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Congress likely to resort to Continuing Resolution

The short-term stopgap funding would keep the government open, but, freeze spending levels.

WASHINGTON — Congress will likely need to pass a continuing resolution to keep federal agencies open beyond the end of the fiscal year on September 30, which is a mere two weeks from today.

House Majority Leader Steny Hoyer (D-Maryland)  said Tuesday he will put continuing resolution legislation on the House floor early next week to keep the government running.

Which is a good thing, in terms of preventing a shutdown. But a continuing resolution would effectively freeze federal agency spending at prior-year levels until Congress can devise and pass new appropriations bills.

As a result, Department of Defense and Department of Veterans Affairs programs would be expected to operate for the rest of 2020 at current funding levels, with new program starts and new equipment purchases limited by financial constraints.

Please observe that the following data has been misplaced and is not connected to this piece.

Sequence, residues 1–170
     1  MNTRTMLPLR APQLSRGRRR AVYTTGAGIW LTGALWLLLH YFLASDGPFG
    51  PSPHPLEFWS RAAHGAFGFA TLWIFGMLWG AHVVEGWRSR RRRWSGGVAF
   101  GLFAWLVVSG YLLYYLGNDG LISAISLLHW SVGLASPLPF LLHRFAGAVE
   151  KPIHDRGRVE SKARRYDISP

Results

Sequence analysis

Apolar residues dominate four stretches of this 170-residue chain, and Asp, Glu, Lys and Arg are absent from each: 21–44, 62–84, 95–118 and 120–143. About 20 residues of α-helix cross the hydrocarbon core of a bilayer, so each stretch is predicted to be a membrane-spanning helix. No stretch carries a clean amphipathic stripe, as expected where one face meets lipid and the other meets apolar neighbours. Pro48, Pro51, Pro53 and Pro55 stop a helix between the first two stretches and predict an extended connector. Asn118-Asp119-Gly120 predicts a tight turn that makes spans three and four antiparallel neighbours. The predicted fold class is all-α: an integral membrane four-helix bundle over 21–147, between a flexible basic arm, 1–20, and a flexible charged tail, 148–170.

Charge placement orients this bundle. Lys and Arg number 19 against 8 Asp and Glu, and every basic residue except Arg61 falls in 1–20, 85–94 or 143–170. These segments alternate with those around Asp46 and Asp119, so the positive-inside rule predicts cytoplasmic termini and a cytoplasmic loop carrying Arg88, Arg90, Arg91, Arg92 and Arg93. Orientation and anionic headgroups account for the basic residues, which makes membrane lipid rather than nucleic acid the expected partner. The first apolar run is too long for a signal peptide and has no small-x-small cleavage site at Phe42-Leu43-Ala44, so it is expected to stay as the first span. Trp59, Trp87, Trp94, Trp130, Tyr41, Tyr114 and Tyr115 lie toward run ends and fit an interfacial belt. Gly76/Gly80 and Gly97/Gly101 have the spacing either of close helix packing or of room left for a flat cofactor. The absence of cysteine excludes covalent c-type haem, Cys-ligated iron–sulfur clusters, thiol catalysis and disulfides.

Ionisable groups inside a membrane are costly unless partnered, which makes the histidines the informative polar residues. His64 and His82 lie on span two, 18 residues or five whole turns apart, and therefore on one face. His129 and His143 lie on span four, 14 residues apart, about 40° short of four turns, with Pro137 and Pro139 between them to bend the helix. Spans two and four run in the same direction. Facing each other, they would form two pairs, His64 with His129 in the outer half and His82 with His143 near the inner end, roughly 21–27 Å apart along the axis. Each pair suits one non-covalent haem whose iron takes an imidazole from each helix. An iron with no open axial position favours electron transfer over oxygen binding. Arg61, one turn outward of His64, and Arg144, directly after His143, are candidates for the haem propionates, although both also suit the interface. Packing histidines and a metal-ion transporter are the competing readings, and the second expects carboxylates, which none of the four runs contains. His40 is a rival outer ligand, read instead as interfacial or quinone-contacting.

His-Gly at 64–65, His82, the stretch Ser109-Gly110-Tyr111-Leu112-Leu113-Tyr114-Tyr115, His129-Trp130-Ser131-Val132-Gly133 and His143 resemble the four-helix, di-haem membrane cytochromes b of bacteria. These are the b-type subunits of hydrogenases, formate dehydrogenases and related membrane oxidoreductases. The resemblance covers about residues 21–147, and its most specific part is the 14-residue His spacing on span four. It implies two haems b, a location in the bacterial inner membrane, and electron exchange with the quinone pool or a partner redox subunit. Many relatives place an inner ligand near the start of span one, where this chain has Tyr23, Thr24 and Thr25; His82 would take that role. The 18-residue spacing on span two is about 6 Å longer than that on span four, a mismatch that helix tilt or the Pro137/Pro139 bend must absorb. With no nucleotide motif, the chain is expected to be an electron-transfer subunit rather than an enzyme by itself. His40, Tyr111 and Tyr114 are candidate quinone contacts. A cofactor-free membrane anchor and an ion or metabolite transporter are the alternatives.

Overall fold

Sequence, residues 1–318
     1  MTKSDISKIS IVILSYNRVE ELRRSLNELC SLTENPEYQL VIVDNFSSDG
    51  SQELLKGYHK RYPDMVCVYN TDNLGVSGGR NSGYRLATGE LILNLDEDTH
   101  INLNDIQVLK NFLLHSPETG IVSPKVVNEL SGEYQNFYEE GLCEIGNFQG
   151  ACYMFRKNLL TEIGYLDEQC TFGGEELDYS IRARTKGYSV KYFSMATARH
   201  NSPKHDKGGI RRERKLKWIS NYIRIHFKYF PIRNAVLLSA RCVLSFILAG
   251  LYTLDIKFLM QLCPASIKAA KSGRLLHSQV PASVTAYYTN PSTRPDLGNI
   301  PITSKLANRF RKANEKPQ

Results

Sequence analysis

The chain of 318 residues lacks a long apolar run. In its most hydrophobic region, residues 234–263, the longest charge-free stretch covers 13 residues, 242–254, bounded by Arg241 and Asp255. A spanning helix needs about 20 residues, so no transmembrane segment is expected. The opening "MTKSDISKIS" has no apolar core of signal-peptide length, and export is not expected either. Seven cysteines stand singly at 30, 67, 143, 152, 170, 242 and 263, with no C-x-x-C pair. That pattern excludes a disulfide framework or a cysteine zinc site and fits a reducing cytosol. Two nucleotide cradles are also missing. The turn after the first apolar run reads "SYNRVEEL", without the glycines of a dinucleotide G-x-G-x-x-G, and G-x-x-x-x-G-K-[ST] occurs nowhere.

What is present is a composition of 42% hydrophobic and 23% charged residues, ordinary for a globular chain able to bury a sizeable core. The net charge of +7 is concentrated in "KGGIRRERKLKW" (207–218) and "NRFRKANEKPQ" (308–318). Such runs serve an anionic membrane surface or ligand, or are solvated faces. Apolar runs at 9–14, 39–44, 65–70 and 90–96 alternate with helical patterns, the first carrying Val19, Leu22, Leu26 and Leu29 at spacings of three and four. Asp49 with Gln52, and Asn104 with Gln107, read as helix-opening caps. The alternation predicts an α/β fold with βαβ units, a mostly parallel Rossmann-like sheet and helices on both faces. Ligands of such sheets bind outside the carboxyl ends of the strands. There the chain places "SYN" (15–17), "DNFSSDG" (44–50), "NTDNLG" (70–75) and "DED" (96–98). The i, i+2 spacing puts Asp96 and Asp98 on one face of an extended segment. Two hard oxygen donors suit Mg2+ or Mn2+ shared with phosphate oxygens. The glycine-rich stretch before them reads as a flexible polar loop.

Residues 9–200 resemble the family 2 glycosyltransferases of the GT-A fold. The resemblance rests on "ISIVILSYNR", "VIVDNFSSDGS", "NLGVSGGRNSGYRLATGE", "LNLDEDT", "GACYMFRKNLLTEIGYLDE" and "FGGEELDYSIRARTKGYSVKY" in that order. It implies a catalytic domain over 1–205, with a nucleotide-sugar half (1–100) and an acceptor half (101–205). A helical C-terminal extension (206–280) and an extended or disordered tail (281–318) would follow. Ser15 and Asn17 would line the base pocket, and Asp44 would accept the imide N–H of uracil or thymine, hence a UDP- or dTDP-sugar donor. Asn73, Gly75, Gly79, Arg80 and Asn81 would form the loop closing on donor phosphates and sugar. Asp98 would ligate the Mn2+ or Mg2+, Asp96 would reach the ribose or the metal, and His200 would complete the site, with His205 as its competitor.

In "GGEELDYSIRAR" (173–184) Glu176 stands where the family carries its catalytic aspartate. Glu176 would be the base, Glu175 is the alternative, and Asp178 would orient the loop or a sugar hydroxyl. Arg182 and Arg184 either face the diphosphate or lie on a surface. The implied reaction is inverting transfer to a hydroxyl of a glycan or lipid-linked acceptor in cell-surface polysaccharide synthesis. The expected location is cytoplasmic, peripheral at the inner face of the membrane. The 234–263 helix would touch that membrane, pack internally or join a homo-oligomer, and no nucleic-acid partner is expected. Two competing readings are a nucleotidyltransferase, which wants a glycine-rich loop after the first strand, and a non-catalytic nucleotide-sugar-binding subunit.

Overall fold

It's not the news that the thousands of companies in the supply chain supporting Navy shipbuilding and ship repair want to hear. It gives them no guarantees on what the future holds, financially-speaking, which makes long-term planning difficult for those companies.

However, Sen. Tim Kaine (D-Virginia) says he thinks in the end, things will work out, somehow.

"I think I can look at our agencies and also those who are doing shipbuilding and ship repair in Hampton Roads and say I feel confident that we're going to get a continuing resolution. And then, I'm confident that we're going to eventually get an appropriations deal, likely in December," he said.

Kaine added that it makes no sense to try to hammer out budgets prior to elections, and he'd like to see the process changed so that fiscal years would align with calendar years and run through December 31.

"For some reason, the decision has been made to have the budget year go from October 1 to September 30, so you have all this attention to trying to do budgets by the end of September, but remember, that's right in the heart of election season, " he said. "And every two years, all 435 House members are in the thick of their election campaigns at that time, and one-third of the senators are too. And, what I've learned is, we often get a budget deal before Christmas. We almost never get a budget deal in September."